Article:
The passing parade of three decades of second language teaching approaches and methodologies (through grammar-translation, situational, structural, audio-lingual/visual, natural, communicative approaches) and foci of attention (learning, teaching, contextual, nature of language and its teachability) have, fortunately, generally been cumulative. However, the broad-brush theoretical grounding of some movements, for example Krashen's (1981) "comprehensible input", has tended to obscure the importance of significant complementary areas needing systematic development, such as performance skills. Focusing on major contemporary theories can blind researchers and practitioners to other data which have either never formed part of any overarching theoretical approach or which constitute a self-contained and effective set of strategies within an older methodology. These aspects are particularly important to the practitioner, the teacher in the classroom who is daily involved in the task of sifting and synthesising theory and practice to develop personally relevant pedagogical content knowledge (PCK). Highly publicized "big picture" theories, however great their potential for the practitioner, textbook writer or multimedia designer, represent only a fraction of available scholarly investigations available. While Elliott's hermeneutical approach to structural understanding (1) is more strongly imbued with general psychosocial elements of whole-situation problematics, it nevertheless holds true for selective practical theories related to PCK development which is often a composite of technical, psychosocial and ethical (values about teaching) considerations.
More comprehensive definitions of scholarship and research, the emergence of new forms of research inquiry, particularly in the human-related disciplines and interdisciplinary studies, recent attention to reflective practice, action research and international deliberations on theory-praxis relationships and practical educational theories (2) have collectively led to a more critical reviewing of contemporary approaches. Action research, for instance, places greater emphasis on synthetic solutions. This can be the vital impetus for revisiting with new eyes, ears and understanding what previous decades of research have furnished. It also raises the question of whether more systematic attention needs to be given to modes of sharing, critically analysing, evaluating, and promoting the results of this type of PCK related scholarship.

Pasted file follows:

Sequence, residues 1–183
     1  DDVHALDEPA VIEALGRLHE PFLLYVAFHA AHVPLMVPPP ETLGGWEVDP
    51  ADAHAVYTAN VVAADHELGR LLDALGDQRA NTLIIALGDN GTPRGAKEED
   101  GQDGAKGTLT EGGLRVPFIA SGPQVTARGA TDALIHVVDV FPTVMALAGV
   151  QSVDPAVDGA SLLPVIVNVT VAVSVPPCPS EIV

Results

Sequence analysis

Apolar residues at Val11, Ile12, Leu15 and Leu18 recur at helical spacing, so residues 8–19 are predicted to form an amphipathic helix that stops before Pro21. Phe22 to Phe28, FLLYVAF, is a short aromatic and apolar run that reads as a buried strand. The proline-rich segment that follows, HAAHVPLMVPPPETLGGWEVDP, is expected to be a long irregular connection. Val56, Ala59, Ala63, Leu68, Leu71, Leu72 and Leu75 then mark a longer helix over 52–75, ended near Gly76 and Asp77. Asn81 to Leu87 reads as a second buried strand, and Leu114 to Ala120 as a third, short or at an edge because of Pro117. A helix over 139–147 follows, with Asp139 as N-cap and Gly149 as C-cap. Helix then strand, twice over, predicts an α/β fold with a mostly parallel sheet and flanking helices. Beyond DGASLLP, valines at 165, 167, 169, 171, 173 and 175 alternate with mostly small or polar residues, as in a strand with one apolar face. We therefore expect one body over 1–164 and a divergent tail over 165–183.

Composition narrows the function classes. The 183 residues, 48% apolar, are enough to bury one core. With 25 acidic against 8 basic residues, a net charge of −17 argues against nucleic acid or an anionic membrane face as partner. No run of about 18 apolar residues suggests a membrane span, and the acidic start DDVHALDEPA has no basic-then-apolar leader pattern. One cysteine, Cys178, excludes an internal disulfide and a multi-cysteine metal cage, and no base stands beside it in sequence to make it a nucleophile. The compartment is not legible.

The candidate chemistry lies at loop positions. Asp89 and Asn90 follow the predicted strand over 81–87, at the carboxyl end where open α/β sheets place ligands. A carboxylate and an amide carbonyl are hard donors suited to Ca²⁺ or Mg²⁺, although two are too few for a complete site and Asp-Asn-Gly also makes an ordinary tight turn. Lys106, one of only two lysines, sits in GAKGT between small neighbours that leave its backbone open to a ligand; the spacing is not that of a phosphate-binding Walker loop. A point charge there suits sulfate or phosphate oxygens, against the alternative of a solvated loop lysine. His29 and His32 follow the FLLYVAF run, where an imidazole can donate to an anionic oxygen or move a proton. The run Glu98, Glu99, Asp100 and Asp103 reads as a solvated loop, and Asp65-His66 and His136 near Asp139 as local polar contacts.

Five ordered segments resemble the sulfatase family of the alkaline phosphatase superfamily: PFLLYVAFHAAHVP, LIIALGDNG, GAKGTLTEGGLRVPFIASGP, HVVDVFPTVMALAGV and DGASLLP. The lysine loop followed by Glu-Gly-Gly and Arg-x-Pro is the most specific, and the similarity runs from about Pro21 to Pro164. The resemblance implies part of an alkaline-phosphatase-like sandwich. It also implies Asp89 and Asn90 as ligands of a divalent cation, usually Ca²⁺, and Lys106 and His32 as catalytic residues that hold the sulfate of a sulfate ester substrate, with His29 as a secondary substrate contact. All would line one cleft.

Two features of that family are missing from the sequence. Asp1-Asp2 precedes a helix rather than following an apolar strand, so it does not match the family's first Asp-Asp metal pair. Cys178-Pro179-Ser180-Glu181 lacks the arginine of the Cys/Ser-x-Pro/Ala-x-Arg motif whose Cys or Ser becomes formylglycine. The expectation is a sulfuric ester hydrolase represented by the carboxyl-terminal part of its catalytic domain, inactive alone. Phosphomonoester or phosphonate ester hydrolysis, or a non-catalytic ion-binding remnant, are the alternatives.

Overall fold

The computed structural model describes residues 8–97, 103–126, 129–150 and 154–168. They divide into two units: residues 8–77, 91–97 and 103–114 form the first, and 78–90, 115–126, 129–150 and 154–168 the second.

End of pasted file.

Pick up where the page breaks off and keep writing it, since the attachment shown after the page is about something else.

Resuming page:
Four studies at different levels within the theory-praxis relationship, ranging from informal action research to focused academic investigation, are used as illustration of the range of valid research/scholarship possibilities which now fall firmly within the definitions of scholarship that have evolved in the last decade. They are viewed from three perspectives:
* the nature or level of the scholarship/research involved.
* the way in which they relate praxis and theory
* their validity as scholarship/research, whether recorded, recognised or forgotten.
In respect of the first and third perspectives, Boyer's (1990) four definitions of scholarship, namely Scholarship of Discovery, Integration, Application and Teaching, are applied. For the second perspective, some aspects of John Elliott's (1993a-c) findings on the relationship of theory and practice to situational understanding are relevant.